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We're waiting to hear the compelling argument that would justify the zone change.

It's too early for a definitive "no," but until we hear a strong argument in favor, The Outlook is not inclined to support a rezone in Troutdale that would allow construction of a 168-unit apartment complex.

FILE PHOTO - Editor/Publisher Steve BrownCarey Sheldon, president of Sheldon Development, wants to build "middle to upper class" apartments on a site at the corner of Southwest Cherry Park Road and Northeast 242nd Drive.

The 7-acre field is zoned for single-family residential. In order for Sheldon to construct his apartments, he'll need the Troutdale city government to rezone the site to allow multi-family housing.

Our problem is not with apartments. We fully understand the need to rebalance the supply-and-demand equation for housing, which right now is tipped in favor of landlords. We've all heard the dreadful stories of runaway rents that consume half the incomes of people who have no choice but to pay these sinister prices. That's what happens when demand outpaces supply. So in general, we're not opposed to the construction of apartments.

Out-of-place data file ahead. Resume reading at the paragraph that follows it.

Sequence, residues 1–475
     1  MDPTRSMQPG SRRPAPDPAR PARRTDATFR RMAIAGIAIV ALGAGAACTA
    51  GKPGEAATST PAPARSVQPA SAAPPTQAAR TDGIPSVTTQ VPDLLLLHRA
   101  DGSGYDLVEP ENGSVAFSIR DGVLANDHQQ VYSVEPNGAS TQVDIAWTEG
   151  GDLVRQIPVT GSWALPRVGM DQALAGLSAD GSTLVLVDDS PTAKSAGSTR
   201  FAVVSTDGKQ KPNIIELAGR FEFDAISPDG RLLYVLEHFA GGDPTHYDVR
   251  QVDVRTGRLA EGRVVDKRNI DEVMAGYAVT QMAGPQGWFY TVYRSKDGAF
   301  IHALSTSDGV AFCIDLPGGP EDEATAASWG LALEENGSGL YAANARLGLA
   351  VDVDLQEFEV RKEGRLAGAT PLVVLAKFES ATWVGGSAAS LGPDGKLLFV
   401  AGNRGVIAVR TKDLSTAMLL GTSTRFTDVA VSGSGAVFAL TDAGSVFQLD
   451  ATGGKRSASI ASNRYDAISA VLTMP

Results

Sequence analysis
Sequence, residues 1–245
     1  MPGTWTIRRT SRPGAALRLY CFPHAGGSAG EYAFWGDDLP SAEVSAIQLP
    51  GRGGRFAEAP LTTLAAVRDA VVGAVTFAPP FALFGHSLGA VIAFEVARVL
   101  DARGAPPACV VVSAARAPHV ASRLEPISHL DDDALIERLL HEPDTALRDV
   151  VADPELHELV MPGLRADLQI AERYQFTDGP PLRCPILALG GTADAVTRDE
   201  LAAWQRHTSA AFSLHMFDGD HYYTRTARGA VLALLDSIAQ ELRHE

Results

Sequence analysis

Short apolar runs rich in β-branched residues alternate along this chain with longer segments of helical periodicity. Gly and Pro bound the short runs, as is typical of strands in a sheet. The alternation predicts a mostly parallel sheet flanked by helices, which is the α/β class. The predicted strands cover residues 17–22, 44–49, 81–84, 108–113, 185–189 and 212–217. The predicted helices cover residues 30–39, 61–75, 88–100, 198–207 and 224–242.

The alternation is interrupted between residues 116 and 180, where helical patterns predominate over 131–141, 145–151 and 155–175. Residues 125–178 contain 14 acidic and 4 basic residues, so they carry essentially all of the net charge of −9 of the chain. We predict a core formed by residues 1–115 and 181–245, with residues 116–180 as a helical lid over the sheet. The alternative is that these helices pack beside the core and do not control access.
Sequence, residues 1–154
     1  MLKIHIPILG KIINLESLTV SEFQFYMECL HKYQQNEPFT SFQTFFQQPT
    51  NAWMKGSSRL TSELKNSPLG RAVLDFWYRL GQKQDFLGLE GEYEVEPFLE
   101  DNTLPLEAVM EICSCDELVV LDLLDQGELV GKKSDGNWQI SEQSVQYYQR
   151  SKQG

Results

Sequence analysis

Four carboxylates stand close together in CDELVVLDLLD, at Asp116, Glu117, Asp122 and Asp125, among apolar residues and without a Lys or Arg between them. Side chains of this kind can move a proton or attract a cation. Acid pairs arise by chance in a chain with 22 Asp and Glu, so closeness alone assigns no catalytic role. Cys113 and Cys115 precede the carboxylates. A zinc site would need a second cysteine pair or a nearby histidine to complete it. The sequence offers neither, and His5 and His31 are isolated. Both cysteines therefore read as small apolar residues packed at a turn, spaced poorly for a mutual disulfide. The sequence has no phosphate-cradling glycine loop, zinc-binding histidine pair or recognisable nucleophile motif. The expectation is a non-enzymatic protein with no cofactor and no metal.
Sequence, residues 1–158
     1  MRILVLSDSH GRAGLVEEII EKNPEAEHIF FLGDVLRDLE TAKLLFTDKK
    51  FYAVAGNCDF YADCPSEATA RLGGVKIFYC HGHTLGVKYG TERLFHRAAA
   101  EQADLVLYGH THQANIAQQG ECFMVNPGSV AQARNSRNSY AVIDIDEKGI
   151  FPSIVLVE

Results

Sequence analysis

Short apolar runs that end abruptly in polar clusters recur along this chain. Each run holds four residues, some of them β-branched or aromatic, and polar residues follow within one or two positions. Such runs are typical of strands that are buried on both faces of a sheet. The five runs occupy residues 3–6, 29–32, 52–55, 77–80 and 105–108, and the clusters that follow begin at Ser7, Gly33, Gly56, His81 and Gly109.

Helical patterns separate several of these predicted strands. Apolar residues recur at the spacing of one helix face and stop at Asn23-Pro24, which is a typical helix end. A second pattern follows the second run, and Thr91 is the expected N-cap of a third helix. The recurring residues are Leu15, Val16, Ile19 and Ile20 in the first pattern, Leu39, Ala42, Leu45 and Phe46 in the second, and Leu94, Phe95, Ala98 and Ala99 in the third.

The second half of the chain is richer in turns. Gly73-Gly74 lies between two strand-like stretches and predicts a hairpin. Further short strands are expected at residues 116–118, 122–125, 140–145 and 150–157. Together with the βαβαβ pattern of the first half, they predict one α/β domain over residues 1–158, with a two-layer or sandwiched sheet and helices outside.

But we are opposed to giving up space for single-family homes in exchange for the erosion of livability in the neighborhood, which will happen with a high-density apartment complex at this location. The intersection of Northeast 242nd and Southwest Cherry Park Road is already busy — just try driving through the area at the busiest time of day.

There also are concerns for the impact on local schools. The proposed development would result in a surge of students enrolling in the Reynolds School District, which already bursts at the seams, and which has just gone through a workforce reduction caused by a budgetary shortfall.

Keep in mind, also, that a fair amount of apartment construction is in the works in Fairview — a 180-unit development on the southside of Halsey Street, and another smaller 49-unit complex on 205th Avenue south of Sandy Boulevard.

That said, with other apartments on the horizon, we wonder if this is the best time to surrender high-value real estate that could be used to site single-family homes.

Like we said, we're waiting to hear the compelling argument that would justify the zone change. Until that happens, our recommendation is a solid "no."

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